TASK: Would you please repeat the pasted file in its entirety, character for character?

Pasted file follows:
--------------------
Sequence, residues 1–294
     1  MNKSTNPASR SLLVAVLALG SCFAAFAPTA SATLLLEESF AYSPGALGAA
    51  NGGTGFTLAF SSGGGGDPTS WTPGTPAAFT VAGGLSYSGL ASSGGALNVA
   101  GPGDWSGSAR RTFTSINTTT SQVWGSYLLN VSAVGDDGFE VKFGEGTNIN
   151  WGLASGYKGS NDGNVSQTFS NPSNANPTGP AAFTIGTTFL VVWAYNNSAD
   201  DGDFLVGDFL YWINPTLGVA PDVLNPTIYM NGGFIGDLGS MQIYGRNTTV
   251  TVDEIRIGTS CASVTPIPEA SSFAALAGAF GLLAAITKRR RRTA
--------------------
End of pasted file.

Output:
Sequence, residues 1–294
     1  MNKSTNPASR SLLVAVLALG SCFAAFAPTA SATLLLEESF AYSPGALGAA
    51  NGGTGFTLAF SSGGGGDPTS WTPGTPAAFT VAGGLSYSGL ASSGGALNVA
   101  GPGDWSGSAR RTFTSINTTT SQVWGSYLLN VSAVGDDGFE VKFGEGTNIN
   151  WGLASGYKGS NDGNVSQTFS NPSNANPTGP AAFTIGTTFL VVWAYNNSAD
   201  DGDFLVGDFL YWINPTLGVA PDVLNPTIYM NGGFIGDLGS MQIYGRNTTV
   251  TVDEIRIGTS CASVTPIPEA SSFAALAGAF GLLAAITKRR RRTA